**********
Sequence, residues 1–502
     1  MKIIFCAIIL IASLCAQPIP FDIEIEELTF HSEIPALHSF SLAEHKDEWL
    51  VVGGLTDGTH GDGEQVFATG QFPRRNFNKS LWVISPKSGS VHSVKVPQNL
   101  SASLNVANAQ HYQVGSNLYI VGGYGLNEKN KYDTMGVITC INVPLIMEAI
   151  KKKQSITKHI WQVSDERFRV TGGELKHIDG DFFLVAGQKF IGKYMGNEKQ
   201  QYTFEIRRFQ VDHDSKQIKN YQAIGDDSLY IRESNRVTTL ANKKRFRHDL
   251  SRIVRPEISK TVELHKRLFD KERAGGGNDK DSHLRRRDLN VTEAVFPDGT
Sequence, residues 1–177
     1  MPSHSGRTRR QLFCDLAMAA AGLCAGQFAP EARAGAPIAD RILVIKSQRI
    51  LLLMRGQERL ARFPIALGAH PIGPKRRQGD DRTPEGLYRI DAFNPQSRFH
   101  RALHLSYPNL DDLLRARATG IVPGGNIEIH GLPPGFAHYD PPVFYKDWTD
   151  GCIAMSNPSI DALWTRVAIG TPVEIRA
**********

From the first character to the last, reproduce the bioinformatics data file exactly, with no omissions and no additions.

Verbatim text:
Sequence, residues 1–502
     1  MKIIFCAIIL IASLCAQPIP FDIEIEELTF HSEIPALHSF SLAEHKDEWL
    51  VVGGLTDGTH GDGEQVFATG QFPRRNFNKS LWVISPKSGS VHSVKVPQNL
   101  SASLNVANAQ HYQVGSNLYI VGGYGLNEKN KYDTMGVITC INVPLIMEAI
   151  KKKQSITKHI WQVSDERFRV TGGELKHIDG DFFLVAGQKF IGKYMGNEKQ
   201  QYTFEIRRFQ VDHDSKQIKN YQAIGDDSLY IRESNRVTTL ANKKRFRHDL
   251  SRIVRPEISK TVELHKRLFD KERAGGGNDK DSHLRRRDLN VTEAVFPDGT
Sequence, residues 1–177
     1  MPSHSGRTRR QLFCDLAMAA AGLCAGQFAP EARAGAPIAD RILVIKSQRI
    51  LLLMRGQERL ARFPIALGAH PIGPKRRQGD DRTPEGLYRI DAFNPQSRFH
   101  RALHLSYPNL DDLLRARATG IVPGGNIEIH GLPPGFAHYD PPVFYKDWTD
   151  GCIAMSNPSI DALWTRVAIG TPVEIRA